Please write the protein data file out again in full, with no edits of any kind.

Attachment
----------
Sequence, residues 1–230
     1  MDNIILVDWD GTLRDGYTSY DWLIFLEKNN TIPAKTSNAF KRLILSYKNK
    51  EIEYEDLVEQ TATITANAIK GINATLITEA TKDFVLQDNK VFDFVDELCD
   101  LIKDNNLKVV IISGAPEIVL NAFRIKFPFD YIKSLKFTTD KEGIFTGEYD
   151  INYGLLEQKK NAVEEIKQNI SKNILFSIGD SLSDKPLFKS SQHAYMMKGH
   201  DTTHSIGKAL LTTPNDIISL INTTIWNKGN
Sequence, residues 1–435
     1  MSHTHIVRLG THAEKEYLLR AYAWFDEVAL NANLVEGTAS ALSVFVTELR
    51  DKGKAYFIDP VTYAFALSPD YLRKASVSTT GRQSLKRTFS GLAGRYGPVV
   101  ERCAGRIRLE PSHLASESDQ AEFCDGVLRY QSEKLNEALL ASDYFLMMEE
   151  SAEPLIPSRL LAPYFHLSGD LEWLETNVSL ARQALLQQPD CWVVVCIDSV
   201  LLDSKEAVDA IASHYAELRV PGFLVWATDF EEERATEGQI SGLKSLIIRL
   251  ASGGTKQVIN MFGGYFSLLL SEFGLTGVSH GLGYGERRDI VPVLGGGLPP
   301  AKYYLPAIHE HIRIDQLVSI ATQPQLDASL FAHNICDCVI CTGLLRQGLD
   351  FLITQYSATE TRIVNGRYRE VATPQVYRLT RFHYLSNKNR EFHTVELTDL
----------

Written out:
Sequence, residues 1–230
     1  MDNIILVDWD GTLRDGYTSY DWLIFLEKNN TIPAKTSNAF KRLILSYKNK
    51  EIEYEDLVEQ TATITANAIK GINATLITEA TKDFVLQDNK VFDFVDELCD
   101  LIKDNNLKVV IISGAPEIVL NAFRIKFPFD YIKSLKFTTD KEGIFTGEYD
   151  INYGLLEQKK NAVEEIKQNI SKNILFSIGD SLSDKPLFKS SQHAYMMKGH
   201  DTTHSIGKAL LTTPNDIISL INTTIWNKGN
Sequence, residues 1–435
     1  MSHTHIVRLG THAEKEYLLR AYAWFDEVAL NANLVEGTAS ALSVFVTELR
    51  DKGKAYFIDP VTYAFALSPD YLRKASVSTT GRQSLKRTFS GLAGRYGPVV
   101  ERCAGRIRLE PSHLASESDQ AEFCDGVLRY QSEKLNEALL ASDYFLMMEE
   151  SAEPLIPSRL LAPYFHLSGD LEWLETNVSL ARQALLQQPD CWVVVCIDSV
   201  LLDSKEAVDA IASHYAELRV PGFLVWATDF EEERATEGQI SGLKSLIIRL
   251  ASGGTKQVIN MFGGYFSLLL SEFGLTGVSH GLGYGERRDI VPVLGGGLPP
   301  AKYYLPAIHE HIRIDQLVSI ATQPQLDASL FAHNICDCVI CTGLLRQGLD
   351  FLITQYSATE TRIVNGRYRE VATPQVYRLT RFHYLSNKNR EFHTVELTDL